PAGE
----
During my interview with young Brazilian student Joao Felipe Galon Sa, he told me how he has improved in his studies since his arrival to Canada, two years ago, not speaking any English. “On the flight over, I was seated next to a Canadian who kept asking me ‘Do you want milk? Do you want milk?’ But I didn’t even know the meaning of the word milk,” he remembers.
When asked for tips on how to do better with homework, he gave me the same old song and dance: read books (even though he admitted not being a big reader himself), have a good dictionary on hand (which can be from your first language), count on friends, teachers and parents, if possible.
It was his last piece of advice that struck me the most. Joao turned to me and claimed, “I know you won’t believe it, but what really helped with my English was playing videogames.”
“Because everything is in English,” he justified with a teenage grin on his face.
So, following Joao’s advice, all you need to do to get your kids into their homework is to invest on the latest Playstation or X-Box game, right?
A 2005 study from Statistics Canada shows that homework is the most time-consuming unpaid activity for teenagers, next to school attendance. Students around the country spend an average of 9.2 hours per week doing homework (with 60 percent doing an average of 2.20 hours every day). It also concluded that the time spent on homework may vary by both sex and cultural background. While over seven in 10 boys with immigrant parents (both parents born outside Canada) spent an average of 2.37 hours per day doing homework, only five out of 10 boys with Canadian-born parents (at least one parent born in Canada) did the same. Among teens with Canadian-born parents, boys did significantly less homework (21 minutes per day) than girls. However, there were no significant difference among boys and girls with immigrant parents.
Joao lives in Toronto with his single mother, Teresa, a workaholic manicurist who doesn’t speak English. Teresa counts on friends with better English than her to help Joao overcome his learning difficulties. The extra help seems to work. “One day before school,” Joao remembers, “I wanted to give it up, thinking English was too difficult for me. But my brother and my mom’s friends encouraged me, saying that if they did it, I could do too.”
For Everalda Sidaravicius, Brazilian psychologist and counselor in psychotherapy in Canada, the lack of English among immigrant parents should not stop them from getting involved in their children’s education. “Parents can help in their own language on disciplines that use universal symbols, like math and science,” she says.
Sidaravicius suggests parents get engaged in their kid’s schooling, participate in school meetings, get to know their teachers, and following their children’s performance along the way. More important, she says, is that the parents serve as an example for their children. Let them see you reading, or trying to read in English. Make clear that they will succeed with their English studies and, the better they get, the easier their lives will be.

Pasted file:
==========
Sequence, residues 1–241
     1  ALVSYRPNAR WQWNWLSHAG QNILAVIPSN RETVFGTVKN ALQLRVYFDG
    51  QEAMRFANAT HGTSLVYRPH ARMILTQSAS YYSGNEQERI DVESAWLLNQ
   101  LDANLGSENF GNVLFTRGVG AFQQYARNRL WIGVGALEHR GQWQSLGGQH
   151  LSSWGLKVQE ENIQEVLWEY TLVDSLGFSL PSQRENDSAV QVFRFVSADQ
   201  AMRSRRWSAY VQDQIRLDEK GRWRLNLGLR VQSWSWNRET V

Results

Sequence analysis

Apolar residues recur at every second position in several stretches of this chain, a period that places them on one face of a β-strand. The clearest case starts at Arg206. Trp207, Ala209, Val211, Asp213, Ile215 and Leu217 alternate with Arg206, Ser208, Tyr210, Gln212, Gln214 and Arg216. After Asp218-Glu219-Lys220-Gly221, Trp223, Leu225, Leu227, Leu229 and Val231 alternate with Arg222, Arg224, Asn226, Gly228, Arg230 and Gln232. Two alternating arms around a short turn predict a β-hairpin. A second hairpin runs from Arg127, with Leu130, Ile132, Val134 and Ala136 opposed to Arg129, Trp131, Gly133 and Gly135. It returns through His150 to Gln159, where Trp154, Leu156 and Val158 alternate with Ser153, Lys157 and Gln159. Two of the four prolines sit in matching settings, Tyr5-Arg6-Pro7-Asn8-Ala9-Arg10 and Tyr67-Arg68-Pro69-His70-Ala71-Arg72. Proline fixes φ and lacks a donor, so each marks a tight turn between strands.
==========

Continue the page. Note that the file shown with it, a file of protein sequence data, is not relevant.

Joao learned the lesson quickly. Arriving in Canada a month after the beginning of classes, he started attending St. Luke Catholic School one week later. He was seated close to other Portuguese speakers in an attempt to make him more comfortable, but it was the mocking from the English-speaking students that pushed Joao to dominate the new language fast.
“Those boys laughing at me, telling me to learn English first and then talk to them…That served as a ‘fuel’ for my body. It made me want to learn more, more, more, until I get good enough and say: Now I’m speaking English, just like you.” Joao was supposed to attend grade 7, but due his age, he was put into grade 8. The same year, Joao had to attend summer school for lacking five points in history. However, the brave teen finished it as the best student in the course, proudly showing a 95 percent on his report card.
Now in grade 10, the teen has lots of friends and no longer gets upset when someone laughs at him.
“People are more mature in high school. They don’t laugh when you make mistakes. And, if they laugh, I laugh too.” In the future, Joao wants to become a pilot. Where? Here in Canada. “I love this country,” he justifies.
Continuing his self-education tactic, Joao keeps playing videogames, now not only a precious gadget to sharpen his English skills but also an excellent “flight simulator”. CNM
Tips To Help Your Children With Homework
- A routine is good. Make homework a habit. Work out a homework schedule and make sure children stick to it. It won’t be long before homework is complete without you getting involved.
- Practice makes perfect. Repetition reinforces learning. That’s why it’s helpful to have kids practice reading, writing and math with you every day. Ten to 15 minutes a day can work wonders, whether reading a favourite book together, or helping measure ingredients in the kitchen. It can also help you learn English.
- Check occasionally. When kids do their homework all alone, their concentration can often wander. Check in once in a while and see how it’s going. Ask if there are any questions. Sometimes kids just need to talk about a homework problem to figure out the answer.
- Make kids proud of their effort. Getting the answer right is important, but it’s only part of what homework is all about. Doing a thorough and neat job is important, too. Make it a habit to sit down and go over completed homework. Look at it together for thoroughness and overall quality of work. Always look for something positive.
- Know what’s going on at school. Unfortunately, kids don’t always tell parents everything. Make a point of staying in touch with teachers, especially if you have a question or concern. Let teachers know they can always call you if there is a problem.
For more tips and information on how to help your children with homework, go to www.ontario.ca/abc123.